This, for me, gets at the sense that FAITH is a vision, a hope, a way, that allows us to GO – go with God, go with God’s plans. We do not always know where to go, but we keep trusting, crying out, that God is with us, and God knows our needs. We do not always do the right thing – we doubt and fumble and make our own plans – but God stays with us, keeps nurturing us, and pointing us to GO the way of God, the way of trusting and serving God. We might even laugh at God, or run away from God, but fundamentally and finally, God keeps faith with us, keeps guiding us, encouraging us, keeps pointing us to the Kingdom of God.
This is what the whole story of the Bible is about – starting with Abraham and Sarah and then through all the pages. God keeps faith with God’s people; they keep going with God toward God’s purposes and plans, and God sustains and blesses them all the way. It is very much an up and down journey with many setbacks and successes. But God prevails; God never leaves us; God keeps offering a vision, a hope, and a way no matter what happens.
Then 2000 years after Abraham and Sarah, a man named Jesus appeared on the scene. He looked a lot like we look: face, hands, and feet, bones and blood, a brain and five senses. He grew up as we did – a child among children, with scrapes and aches along the way. There was nothing to report about his life until he was about 30 years old. And THEN Jesus came preaching and teaching and pointing to God’s promised reign. If you were ill, Jesus healed you. If you were hungry, he multiplied bread for you. If you were down, he lifted you up. If you were a sinner, he would come to your house and sit at your table. If you were cripple, he helped you walk. Jesus was an amazing man.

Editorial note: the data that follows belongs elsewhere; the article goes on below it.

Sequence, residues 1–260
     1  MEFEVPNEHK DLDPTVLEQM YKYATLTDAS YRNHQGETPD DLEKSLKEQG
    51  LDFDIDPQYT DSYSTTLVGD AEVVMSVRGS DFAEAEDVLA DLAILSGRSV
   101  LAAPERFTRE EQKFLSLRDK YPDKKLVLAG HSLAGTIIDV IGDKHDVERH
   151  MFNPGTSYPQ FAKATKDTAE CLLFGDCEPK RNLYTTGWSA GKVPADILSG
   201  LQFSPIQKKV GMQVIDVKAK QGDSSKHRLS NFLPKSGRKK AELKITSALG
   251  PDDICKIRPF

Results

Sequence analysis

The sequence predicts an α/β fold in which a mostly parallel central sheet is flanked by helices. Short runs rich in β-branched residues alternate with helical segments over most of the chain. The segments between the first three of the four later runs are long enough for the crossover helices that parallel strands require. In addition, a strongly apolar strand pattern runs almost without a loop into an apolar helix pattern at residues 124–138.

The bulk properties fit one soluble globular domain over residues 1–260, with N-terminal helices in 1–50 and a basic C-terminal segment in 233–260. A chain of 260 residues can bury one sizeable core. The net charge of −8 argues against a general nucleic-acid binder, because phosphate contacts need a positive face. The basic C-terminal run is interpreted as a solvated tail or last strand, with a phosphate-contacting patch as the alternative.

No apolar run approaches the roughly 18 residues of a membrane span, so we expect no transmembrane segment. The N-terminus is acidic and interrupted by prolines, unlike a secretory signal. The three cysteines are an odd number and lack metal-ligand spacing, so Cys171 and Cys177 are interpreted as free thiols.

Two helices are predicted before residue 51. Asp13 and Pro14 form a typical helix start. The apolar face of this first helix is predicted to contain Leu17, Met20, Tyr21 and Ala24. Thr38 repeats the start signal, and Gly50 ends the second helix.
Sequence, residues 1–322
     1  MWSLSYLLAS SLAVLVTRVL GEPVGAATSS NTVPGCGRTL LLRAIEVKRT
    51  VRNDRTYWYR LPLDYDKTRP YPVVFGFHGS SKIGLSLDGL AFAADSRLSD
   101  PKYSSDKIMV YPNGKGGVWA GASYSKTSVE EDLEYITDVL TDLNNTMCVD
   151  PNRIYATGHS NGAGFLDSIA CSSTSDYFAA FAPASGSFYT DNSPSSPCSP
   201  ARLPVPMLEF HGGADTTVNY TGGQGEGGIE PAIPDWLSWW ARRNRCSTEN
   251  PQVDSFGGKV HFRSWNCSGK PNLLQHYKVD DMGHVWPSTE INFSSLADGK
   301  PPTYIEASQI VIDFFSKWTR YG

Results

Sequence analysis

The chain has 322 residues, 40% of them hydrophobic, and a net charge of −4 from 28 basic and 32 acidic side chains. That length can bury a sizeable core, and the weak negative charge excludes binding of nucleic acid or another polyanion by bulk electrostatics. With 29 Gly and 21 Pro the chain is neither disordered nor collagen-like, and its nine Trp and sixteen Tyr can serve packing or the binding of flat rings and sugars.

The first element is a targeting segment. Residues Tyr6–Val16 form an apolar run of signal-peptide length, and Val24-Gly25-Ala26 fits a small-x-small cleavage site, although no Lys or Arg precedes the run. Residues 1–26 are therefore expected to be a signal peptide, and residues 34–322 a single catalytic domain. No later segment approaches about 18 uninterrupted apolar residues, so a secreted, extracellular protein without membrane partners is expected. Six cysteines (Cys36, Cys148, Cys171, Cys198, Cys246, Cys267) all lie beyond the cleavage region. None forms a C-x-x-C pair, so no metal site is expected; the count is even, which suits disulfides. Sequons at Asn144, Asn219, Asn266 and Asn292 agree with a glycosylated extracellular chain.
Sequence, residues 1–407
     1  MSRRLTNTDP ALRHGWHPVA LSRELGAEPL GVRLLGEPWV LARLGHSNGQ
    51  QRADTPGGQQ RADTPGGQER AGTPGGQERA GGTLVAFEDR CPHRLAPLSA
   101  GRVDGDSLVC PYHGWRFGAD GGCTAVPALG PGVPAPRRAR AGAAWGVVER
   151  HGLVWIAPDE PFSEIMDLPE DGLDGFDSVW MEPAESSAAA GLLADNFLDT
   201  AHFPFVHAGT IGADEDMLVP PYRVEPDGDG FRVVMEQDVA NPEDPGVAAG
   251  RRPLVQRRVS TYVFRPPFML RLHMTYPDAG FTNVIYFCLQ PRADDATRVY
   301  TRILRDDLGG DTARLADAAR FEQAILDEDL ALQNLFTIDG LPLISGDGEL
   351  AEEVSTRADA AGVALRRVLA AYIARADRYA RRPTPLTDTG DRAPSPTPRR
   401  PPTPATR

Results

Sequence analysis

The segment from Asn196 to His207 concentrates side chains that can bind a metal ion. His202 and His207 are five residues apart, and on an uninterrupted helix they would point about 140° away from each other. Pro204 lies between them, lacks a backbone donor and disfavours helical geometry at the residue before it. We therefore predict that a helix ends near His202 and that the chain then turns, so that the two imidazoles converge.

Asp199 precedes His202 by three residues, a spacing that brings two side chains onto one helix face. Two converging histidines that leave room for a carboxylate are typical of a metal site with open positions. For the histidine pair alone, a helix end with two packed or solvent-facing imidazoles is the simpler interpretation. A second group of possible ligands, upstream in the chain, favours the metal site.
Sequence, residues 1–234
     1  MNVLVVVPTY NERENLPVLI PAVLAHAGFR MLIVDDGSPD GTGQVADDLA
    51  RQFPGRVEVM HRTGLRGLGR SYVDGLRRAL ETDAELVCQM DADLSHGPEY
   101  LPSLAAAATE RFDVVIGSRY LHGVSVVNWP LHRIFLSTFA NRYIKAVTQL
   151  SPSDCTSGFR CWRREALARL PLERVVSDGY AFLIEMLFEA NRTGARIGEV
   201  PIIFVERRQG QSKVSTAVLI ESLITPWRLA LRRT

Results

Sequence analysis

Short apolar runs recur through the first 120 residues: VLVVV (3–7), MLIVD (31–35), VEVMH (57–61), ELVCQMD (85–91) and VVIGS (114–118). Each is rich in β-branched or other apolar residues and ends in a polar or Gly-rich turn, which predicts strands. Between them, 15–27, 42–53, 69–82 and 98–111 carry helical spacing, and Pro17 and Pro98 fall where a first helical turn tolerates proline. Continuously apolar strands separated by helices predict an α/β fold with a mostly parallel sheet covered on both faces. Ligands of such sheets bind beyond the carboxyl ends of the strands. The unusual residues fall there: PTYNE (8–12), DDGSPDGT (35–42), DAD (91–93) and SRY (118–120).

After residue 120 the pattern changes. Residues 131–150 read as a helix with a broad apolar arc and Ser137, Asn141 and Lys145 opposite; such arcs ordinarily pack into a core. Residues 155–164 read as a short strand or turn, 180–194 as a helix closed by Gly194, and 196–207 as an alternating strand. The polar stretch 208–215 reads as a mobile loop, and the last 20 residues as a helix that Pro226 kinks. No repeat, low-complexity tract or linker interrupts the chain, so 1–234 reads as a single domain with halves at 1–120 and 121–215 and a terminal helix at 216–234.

But everyone was NOT taken with Jesus. The authorities were threatened and the religious people were worried, . . . and all this oppositional energy came together and they arrested him, and put him on trial. “Are you the king of the Jews?” Jesus responded: “You say so.” But when they turned and asked the chief priests and elders, they did not answer. When Pilate, the governor, turned and asked the crowds “what should we do with this Jesus, who is called the Messiah,” the crowds yelled back: “Crucify him!” What? They repeated it: “Let him be crucified!”